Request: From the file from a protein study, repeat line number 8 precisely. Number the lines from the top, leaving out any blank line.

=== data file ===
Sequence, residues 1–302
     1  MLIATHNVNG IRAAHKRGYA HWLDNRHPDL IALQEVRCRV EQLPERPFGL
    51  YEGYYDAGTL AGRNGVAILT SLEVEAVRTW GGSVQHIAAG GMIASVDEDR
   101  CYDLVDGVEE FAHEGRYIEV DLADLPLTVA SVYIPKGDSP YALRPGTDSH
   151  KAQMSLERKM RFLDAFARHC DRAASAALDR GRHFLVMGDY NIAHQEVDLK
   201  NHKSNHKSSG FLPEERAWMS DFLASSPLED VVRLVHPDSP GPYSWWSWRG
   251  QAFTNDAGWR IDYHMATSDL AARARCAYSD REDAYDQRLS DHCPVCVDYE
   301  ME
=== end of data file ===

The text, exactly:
   301  ME